Web-based Services in University Libraries: A Pakistani Perspective
Muhammad Sajid Mirza
Dr. Khalid Mahmood
Libraries use their websites to provide services to users without their physical presence. Some libraries provide only minimal information about their collections and services, while many offer more WebOPACs, access to online databases, e-books, virtual reference service, electronic reserves, Web-based user education tools, virtual tours, etc. National Digital Library Program, Pakistan Education and Research Network (PERN), and Research Repository of Pakistan are significant initiatives of Higher Education Commission of Pakistan (HEC), which promote technology and research in the country. Those initiatives have helped university libraries to be in a better position to provide state-of-the-art resources through traditional and modern systems. Many university libraries have developed their websites or are in the process of development.
There were many studies available on the design of library websites, role of library websites, web-based library services, and case studies of individual library websites in the international library literature. Rhodes and Chelin (1999) surveyed 68 university libraries in the UK and found that almost three quarters of the libraries make use of the web for user education. He suggested that web-based instruction is unlikely to completely replace traditional methods, but it can be used to supplement and extend existing provision. Halub (1999) stated that the librarians of Cedars-Sinai Health System have considered while maintaining and creating web-based library services: the design of website; offer what services you can; but weigh the advantages of providing the services against the time required to maintain them; make the content as accessible as possible; promote your website and make friends in other departments, especially information services. Ahmed (2002) found in a survey of seven Arabian Gulf university libraries that almost all the libraries are offering web-based services in one way or the other. Feldman and Strobel (2002) recommend that for advancing web-based services it is essential to initiate self-service circulation or librarian-mediated online reference. Saeed (1999) studied use of the Internet in 29 university libraries of Pakistan and found that there were only two university libraries with a web OPAC. Mirza (2007) surveyed six federally chartered general university libraries and found that reference service was being provided electronically by four (66.67 percent) university libraries, while three (50 percent) were providing electronic document delivery service.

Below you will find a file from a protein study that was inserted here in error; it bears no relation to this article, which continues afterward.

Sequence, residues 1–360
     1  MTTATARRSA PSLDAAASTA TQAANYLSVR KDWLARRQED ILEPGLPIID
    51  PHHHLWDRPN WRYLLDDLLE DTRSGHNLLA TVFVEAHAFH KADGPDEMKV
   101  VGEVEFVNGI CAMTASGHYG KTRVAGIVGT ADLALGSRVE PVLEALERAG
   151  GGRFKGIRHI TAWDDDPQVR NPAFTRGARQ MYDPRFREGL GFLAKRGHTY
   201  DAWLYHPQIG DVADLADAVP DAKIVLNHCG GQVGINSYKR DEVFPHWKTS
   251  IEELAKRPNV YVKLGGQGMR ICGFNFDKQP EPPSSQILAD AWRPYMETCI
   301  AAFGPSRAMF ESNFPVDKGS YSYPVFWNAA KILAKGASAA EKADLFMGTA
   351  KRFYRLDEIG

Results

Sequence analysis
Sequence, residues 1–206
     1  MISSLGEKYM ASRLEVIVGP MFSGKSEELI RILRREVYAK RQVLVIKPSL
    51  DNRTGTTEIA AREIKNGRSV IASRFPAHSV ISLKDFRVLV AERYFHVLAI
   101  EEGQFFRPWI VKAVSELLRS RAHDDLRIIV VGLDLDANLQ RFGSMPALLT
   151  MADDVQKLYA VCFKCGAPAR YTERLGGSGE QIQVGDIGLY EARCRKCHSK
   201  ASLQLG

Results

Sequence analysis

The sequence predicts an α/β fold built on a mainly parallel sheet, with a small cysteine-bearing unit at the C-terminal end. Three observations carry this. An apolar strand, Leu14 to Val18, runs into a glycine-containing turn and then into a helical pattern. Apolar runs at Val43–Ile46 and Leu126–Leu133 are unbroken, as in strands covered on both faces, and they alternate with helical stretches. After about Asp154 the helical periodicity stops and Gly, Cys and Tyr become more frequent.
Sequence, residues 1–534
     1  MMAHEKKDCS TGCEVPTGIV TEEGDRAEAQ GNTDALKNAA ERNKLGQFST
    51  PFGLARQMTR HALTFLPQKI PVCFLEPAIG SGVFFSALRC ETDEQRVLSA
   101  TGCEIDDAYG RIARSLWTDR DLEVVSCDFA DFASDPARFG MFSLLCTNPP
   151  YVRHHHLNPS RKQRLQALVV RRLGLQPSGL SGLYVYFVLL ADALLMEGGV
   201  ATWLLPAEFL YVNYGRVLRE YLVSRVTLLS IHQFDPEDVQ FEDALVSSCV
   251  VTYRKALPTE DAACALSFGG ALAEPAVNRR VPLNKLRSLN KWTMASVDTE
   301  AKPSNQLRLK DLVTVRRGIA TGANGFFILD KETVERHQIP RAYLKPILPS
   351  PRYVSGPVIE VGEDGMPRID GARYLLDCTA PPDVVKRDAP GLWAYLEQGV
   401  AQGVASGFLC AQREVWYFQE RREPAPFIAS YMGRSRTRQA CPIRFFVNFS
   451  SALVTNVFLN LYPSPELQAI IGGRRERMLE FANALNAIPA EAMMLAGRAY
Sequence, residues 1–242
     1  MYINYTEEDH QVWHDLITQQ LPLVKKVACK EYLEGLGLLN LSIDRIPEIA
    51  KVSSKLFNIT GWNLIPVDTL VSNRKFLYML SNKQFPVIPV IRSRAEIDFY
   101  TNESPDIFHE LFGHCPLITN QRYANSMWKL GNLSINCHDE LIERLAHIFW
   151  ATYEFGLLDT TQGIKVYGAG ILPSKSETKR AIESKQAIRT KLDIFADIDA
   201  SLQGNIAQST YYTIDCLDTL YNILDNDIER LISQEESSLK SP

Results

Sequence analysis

University libraries are a hub of knowledge and information services in their institutions and are usually established along with their mother institutions as an integral part. According to HEC (2008), there are 124 general and specialized universities and degree- awarding institutes throughout the country including Azad Jammu and Kashmir (AJK) and Federally Administrated Northern Areas (FANA) in public and private sector. The first university library established in the country is Punjab University Library (1882), Lahore, which is also the largest library with a collection of 500,000.
There is no study of web-based services offered by the university libraries of Pakistan. This first study measures the extent of web-based services offered by the general university libraries in Pakistan.
Objectives of the Study
In this study, all the general university libraries (GUL), excluding one distance learning program, one virtual, and three universities whose major function is as a regulatory body (N=56) have been included. The information about these universities was retrieved from the website of Higher Education Commission of Pakistan, Islamabad. The methodology is content analysis of the websites of the university libraries. A checklist including name of the university library, province, sector, category, existence of library website, hyperlink on university home page, type (static or dynamic) of library website, and six categories of library and information services was prepared to analyze the contents. There were more web-based services offered by university libraries, but this study has focused on six categories, including general information about library, web OPAC, reference service, collection, circulation, and document delivery service/Inter Library Loan. These six categories were further divided into 33 sub-categories. The content analysis work was done during mid-August to mid-September, 2008.